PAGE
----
Other Craigslist categories come to mind, and feeling like I need to relax and open up some, I look at others, including some of the off the wall stuff in the Gigs. I did find a one off audio editing job last week that I was extremely well qualified for, even though I had never done audio book editing. All those years cutting sermons and podcasts got me $212.50 for eight hours' work — $25 an hour which is adequate considering it's simple timeline bushwhacking with no real thought put into it. Woo Hoo! The mind has to wonder what that pay rate would have done for me during those church sermons and podcast programs which are edited even more completely. $212.50. But that's gone with two household bills. Back to that job I passed over in the Transport ads... but can I really see myself as a fucking tow truck driver?

EONSNOW page in 2006EONSNOW homepage, 2006.

The Breadcrumbs of Vocational Discernment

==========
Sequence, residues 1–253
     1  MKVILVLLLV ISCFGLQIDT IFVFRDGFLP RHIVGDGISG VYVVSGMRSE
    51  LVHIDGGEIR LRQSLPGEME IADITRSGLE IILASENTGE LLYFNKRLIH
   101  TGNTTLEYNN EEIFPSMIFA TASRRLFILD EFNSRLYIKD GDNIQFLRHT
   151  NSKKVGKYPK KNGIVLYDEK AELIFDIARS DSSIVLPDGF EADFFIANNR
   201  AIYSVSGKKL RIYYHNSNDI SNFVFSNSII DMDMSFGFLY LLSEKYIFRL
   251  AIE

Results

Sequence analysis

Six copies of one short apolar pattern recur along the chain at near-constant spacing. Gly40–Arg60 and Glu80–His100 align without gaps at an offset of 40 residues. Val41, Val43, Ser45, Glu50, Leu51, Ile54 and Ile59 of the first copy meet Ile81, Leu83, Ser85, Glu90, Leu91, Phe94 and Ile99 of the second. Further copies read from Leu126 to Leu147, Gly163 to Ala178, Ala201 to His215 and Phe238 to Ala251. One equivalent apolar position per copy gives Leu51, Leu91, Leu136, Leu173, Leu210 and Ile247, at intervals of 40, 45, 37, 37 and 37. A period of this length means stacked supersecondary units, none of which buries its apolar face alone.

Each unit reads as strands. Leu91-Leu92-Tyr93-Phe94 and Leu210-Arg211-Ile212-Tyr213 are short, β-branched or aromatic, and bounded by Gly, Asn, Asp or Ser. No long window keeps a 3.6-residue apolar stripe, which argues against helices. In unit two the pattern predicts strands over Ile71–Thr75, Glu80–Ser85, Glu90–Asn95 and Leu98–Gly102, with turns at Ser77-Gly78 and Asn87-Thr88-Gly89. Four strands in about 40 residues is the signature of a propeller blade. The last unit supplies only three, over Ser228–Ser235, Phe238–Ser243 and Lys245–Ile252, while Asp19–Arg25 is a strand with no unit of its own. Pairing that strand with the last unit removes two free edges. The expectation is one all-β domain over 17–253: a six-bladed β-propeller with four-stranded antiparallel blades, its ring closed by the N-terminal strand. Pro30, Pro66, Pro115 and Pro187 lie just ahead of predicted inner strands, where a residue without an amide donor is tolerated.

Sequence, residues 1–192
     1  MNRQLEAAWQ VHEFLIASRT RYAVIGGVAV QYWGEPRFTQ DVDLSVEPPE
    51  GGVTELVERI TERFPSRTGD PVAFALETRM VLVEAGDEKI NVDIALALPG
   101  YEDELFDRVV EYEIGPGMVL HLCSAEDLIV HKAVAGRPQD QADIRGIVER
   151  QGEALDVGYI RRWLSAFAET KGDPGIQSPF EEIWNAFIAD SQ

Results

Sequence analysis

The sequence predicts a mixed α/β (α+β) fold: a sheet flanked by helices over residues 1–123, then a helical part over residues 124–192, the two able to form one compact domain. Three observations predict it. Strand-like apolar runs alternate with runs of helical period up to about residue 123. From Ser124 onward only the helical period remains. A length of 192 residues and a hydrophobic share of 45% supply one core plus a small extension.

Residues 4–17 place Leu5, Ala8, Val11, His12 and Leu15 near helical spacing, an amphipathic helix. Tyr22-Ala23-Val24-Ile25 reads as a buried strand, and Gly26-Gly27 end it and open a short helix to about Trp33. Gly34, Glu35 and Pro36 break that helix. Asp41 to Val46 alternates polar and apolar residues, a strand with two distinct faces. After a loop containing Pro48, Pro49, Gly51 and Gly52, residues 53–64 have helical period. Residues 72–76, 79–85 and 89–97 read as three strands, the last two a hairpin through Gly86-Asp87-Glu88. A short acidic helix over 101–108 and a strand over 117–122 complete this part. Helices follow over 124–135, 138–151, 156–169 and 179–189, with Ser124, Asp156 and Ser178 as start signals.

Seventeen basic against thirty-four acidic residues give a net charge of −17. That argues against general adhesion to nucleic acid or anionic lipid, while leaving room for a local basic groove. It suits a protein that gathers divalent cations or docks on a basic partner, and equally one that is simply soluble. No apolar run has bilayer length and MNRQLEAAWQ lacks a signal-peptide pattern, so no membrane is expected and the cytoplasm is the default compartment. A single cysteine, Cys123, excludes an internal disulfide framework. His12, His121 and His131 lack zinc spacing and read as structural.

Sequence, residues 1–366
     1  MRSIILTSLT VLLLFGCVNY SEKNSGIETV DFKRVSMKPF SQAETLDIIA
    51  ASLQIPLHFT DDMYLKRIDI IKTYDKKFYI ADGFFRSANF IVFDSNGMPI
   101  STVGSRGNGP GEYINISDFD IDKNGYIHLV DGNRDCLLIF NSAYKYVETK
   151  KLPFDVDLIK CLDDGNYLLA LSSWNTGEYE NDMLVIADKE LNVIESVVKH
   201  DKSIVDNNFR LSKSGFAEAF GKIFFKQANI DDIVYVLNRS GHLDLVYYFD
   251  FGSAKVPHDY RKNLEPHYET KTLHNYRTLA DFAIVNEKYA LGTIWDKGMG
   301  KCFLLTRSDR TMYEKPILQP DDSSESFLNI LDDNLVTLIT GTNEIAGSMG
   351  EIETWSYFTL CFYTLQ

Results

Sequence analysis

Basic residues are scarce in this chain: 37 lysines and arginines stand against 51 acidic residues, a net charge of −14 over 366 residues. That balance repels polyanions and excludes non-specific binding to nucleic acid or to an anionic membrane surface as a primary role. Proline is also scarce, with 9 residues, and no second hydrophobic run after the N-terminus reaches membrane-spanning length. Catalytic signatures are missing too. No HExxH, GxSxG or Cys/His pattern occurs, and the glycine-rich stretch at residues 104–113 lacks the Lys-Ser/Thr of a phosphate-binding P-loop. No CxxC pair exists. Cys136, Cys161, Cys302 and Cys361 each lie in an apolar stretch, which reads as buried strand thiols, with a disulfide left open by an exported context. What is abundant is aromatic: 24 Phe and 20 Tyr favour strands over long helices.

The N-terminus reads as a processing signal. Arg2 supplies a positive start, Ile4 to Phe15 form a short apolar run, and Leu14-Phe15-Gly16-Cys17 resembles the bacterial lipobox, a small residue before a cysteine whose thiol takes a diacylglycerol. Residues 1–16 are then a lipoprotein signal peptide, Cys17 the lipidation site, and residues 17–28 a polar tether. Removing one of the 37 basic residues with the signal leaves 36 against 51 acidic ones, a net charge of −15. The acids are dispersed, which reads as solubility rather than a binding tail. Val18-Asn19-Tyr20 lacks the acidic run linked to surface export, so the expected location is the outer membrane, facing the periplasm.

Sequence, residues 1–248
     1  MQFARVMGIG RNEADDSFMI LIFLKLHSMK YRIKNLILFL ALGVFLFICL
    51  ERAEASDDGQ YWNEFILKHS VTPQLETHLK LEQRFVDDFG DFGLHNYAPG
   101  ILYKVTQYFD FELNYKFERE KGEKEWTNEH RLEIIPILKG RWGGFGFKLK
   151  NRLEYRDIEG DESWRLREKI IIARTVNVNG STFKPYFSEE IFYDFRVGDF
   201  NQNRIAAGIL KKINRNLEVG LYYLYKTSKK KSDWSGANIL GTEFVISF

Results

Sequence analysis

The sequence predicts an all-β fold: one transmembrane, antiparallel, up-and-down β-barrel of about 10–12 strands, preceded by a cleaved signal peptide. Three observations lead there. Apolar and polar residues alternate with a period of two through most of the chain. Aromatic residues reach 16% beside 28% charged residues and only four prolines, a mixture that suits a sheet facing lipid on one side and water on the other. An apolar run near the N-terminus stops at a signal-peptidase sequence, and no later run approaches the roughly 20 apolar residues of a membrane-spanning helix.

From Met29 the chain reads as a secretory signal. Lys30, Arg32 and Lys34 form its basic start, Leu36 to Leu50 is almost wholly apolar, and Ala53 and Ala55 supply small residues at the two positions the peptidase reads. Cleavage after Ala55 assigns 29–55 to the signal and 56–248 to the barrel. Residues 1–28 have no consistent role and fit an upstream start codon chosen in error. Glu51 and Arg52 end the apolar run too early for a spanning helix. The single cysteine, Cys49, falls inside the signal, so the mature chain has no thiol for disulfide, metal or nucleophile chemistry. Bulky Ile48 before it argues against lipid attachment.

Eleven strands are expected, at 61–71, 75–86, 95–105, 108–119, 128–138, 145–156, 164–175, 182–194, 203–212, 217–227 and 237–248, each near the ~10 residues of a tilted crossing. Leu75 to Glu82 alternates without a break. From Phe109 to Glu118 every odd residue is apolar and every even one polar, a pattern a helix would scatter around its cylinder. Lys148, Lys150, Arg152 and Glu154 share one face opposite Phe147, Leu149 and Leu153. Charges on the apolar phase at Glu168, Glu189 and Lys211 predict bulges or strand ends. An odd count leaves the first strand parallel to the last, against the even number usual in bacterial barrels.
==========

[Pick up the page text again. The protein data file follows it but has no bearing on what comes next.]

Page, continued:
Today I was doing some of the routine chat talk with Lee and Gerald—guys I like and respect for their lifestyles and experience—and I was cracking as I was trying to negotiate redesigning the podcast's programming in the light of Gerald being a new creative partner in it all. But despite his background in public radio, church music and therefore church life, and PR and other things of interest, he still takes a lot of tutoring at new technologies and blogging. His message is impeccable and urgent and excites the part of me that set out to do EONSNOW in 2005, but his delivery will take some work in this new media world. But as I dive more and more into web stuff, I am confronted with a vast insecurity complex — kryptonite again. The more I read about best practices in podcasting, social media, blogging (all the stuff I like most about being online), the more I feel like I miss the mark, and that my own methods have perhaps worked against JEM more than for them. I could be woefully wrong, but that's the feeling. Even direct questions at Facebook do not elicit the answers or the participation. My pact with myself was that this new era of web involvement was to be for building web community has been met with a realization that I don't seem to accomplish that too well. JEM's ideas are not my own ideas. I see myself as a conduit through which Lee's or Gerald's ideas pass. That seemed like a better deal to make than in the days of EONSNOW when my ideas were naive and perhaps a bit vitriolic. In JEM, I do about the same thing as I set out to do with EONSNOW, except the ideas I move are those of others who have about twice as much life experience and authority as I have. And more education.